Herman Fuller Presents: A Short, Sharp Lesson

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Feast your eyes on this daredevil feat of pyrotechnical accomplishment! Fun for the whole family! Made possible by the actions of the loyal cast and crew of Herman Fuller's Circus of the Disquieting.

The role of Exploding Man will be preformed for this showing by Thomas Davisson, in light of his recent actions
Witness what fate awaits traitors

The following is a page from a publication entitled To the Circus Born: Herman Fuller's Menagerie of Freaks. The identities of neither publisher nor author have been established, and scattered pages have been found inserted into Circus-themed books in libraries across the world. The person or persons behind this dissemination are unknown.

Exploding Men

a hardline stance on the issue of betraying the circus. For betrayal of the circus was a betrayal of the family (or so Fuller liked to suggest). As such, the Exploding Man act was introduced, a way to send a message to other wayward members of the circus "Family" while still drawing a crowd.

The first of the Exploding Men was Thomas Davisson, a younger fellow employed as a member of the build crew who had been caught poaching a few dollars and trying to skip the circus in the middle of the night. Fuller was obviously eager to finally employ the act, though seemingly more for the boost in attendance such a spectacle would cause (the tour had hit a mild downturn at the beginning of the fall).

The event itself began at six in the evening, on a crisp autumn day. Attendance had well exceeded expectations for a surprise, untested act such as this, and crowds were eagerly awaiting the show. And what a show they would be given! A stage had been constructed on the floor of the big top, and as guests entered they bore witness to the monstrous construction of fuses and dynamite that laid atop it. And atop that was the man of the hour, Thomas Davisson, bound and gagged. He had a black eye, having obviously been roughed up by Fuller’s men before being transported to his nitroglycerine throne. The stands filled to near bursting, Fuller, acting fully in his role as ringmaster, hushed the crowd and read out Davisson's crimes, trumped up and met with jeers and boos by the gathered spectators. Even if his men were not loyal, Fuller's audience was.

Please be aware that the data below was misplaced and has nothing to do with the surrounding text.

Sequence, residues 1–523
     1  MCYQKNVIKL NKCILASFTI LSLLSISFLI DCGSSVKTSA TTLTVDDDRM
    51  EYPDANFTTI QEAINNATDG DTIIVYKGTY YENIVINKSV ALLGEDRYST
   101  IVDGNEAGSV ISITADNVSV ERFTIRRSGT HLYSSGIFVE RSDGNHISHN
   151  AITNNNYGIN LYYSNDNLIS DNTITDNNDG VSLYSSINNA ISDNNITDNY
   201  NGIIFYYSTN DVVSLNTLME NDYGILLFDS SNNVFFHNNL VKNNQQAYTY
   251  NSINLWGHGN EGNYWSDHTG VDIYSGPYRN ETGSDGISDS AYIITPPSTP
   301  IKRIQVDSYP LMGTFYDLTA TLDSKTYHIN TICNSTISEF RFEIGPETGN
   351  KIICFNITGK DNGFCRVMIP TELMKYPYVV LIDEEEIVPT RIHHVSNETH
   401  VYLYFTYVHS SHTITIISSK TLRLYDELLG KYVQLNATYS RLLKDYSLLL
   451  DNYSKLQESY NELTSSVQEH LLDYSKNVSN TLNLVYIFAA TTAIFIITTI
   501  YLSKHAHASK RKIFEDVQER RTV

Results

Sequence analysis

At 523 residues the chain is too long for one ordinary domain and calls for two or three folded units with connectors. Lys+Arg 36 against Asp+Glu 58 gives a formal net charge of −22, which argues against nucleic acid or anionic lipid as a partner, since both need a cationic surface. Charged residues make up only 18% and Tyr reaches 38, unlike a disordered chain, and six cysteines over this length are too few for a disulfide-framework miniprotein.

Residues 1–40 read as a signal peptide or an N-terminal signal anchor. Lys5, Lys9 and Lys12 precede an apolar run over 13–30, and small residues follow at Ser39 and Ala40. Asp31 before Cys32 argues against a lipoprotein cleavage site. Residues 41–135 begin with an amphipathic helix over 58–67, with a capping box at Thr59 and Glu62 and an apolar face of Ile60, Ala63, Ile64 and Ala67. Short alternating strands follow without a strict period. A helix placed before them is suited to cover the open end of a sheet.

The explosion itself did not disappoint. The fuses had been laid all around the tent, and upon lighting the spark raced around through the stands, splitting and recombining, treating the audience to what could have well been an act to itself. This was of no comfort to Davisson, who had obviously thought it would be quick, and having already said his prayers, seemed at a loss for how his final moments should be spent. Just before the fire reached the powderkeg beneath his feet, the spark died. Relief filled Thomas' eyes, which was swiftly snuffed out by the ear shattering blast of the dynamite going off, blowing his body apart. The showmanship was brilliant.

His head flew off into the audience, and a small girl no older than five caught it, holding her prize high in the air. An usher quickly made his way to the child, trading her a massive head of cotton candy for the head of Davisson, his eyes still darting around the room as he tried in vain to breathe using lungs he now lacked, tongue desperately gulping down air. He was unceremoniously tossed to a pair of jugglers, who expertly included him into their rhythm, alongside knives, swords, and more sticks of (unlit) dynamite. They delighted the crowd until intermission was called.


Exploding Men

To the Circus Born

To the Circus Born: Herman Fuller's Menagerie of Freaks

In the lull that followed, the stagehands gathered together all the scattered remains of poor Thomas. What was intact enough to still feel was writhing what little muscles Thomas could still control, his eyes betraying horrific pain as the circus doctors began carefully stitching together his components for the encore.

Fuller intended that carnies and audience alike would take the lesson of Thomas to heart. However, the many repeat showings of “The Amazing Exploding Man” in the years to come would show that this effort was perhaps misunderstood.



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